Another last-minute decision at the end of the summer led me to move into the apartment complex where my brother Matt had lived since the beginning of the summer. It seemed like a good place and I'd enjoyed it during the times that I visited him that summer, and I had always enjoyed being in Matt's ward in the past, so it seemed like a good idea.
It was. There were two notable things about this move. The first was that there were a lot of people I had known in high school living in the complex. I hadn't really seen many of them for a long time, so it was both very strange and fun to see how they'd changed in the years since graduation.
The second was that this was the first time, aside from Nauvoo, that I moved into an apartment without knowing any of my roommates. For some reason, this did not make me nervous at all, although I felt like it maybe should. But I'm glad I didn't waste time worrying over it, because those girls came to become some of my best friends. I became very good friends with Emily and Jenny right off the bat. This was fortuitous because they both ended up marrying boys in the ward that I went to high school with, and I played a small role in both of them getting to know their respective husbands. Very gratifying for me.
Two of my other roommates were both named Heather. One of them picked up a boyfriend/fiance pretty quickly, but the other Heather became one of my best friends, too.
I also had the great fortune to be in the same biochemistry lab as another boy in the ward and former high school friend, Rob, who was a biochemistry genius. We were lab partners, and I think the fact that we did all our work jointly helped save my neck in that class. Smart people are great to have around.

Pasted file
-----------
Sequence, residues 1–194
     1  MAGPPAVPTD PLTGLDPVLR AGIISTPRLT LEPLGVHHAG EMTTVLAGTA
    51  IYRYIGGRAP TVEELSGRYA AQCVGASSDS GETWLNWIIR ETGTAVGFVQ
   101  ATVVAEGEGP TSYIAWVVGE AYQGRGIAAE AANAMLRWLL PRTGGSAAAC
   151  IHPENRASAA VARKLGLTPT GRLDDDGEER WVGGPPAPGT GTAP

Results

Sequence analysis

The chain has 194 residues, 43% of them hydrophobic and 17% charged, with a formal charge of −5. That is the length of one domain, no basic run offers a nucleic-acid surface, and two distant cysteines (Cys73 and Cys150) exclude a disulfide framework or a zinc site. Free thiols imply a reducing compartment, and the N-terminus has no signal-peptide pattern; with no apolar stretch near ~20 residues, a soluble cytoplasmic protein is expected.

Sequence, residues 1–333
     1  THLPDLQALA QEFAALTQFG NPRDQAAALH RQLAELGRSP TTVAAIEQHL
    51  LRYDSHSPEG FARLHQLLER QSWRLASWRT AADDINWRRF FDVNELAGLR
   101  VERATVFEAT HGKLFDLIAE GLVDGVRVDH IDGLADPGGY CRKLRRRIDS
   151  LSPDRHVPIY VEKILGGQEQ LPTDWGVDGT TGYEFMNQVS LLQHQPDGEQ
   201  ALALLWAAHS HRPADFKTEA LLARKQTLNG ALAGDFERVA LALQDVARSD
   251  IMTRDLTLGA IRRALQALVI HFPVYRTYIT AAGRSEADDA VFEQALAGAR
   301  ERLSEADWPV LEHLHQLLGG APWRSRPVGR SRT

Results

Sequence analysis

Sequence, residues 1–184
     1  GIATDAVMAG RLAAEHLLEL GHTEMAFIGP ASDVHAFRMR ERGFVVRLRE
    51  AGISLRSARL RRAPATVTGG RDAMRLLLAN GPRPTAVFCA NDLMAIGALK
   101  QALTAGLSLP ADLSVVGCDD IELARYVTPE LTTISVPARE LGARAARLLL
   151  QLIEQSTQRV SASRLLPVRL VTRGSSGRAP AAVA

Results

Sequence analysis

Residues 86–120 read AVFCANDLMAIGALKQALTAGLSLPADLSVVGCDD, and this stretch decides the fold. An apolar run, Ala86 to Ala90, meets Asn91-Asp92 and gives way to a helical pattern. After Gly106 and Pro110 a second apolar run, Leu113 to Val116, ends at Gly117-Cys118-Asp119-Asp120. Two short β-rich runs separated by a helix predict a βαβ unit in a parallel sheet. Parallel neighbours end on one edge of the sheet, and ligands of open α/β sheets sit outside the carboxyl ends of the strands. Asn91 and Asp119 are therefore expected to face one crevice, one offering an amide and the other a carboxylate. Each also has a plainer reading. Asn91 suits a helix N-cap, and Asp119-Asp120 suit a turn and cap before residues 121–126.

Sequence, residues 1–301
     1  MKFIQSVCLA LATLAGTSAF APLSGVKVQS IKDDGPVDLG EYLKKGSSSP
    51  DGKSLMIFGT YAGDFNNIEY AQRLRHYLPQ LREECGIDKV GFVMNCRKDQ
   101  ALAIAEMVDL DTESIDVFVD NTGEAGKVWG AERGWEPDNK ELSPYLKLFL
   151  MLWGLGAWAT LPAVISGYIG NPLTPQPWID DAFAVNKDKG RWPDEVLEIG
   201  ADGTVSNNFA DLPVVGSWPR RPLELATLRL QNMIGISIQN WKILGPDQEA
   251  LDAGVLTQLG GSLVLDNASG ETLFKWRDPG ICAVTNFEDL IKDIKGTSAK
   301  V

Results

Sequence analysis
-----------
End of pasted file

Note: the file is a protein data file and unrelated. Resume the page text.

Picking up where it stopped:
I spent a lot of time reading research papers and writing a thesis proposal. I took one of the most fascinating classes I'd ever attended, taught by one of the best- and most feared- biology professors about how to teach science in higher education. I also took graduate level stats, which should have done me more good than it did. I did a lot of labwork, some of which worked and some of which did not.
This was the year of the last hurrah and it has a golden tint in my memory. There were good friends in the apartment, great friends in the ward, fun people in the lab, and the hope of a bright future ahead. Part of the beauty was the knowledge that it was so fleeting- so many of the people were graduating and leaving Provo at the end of the year. So I enjoyed it while I could.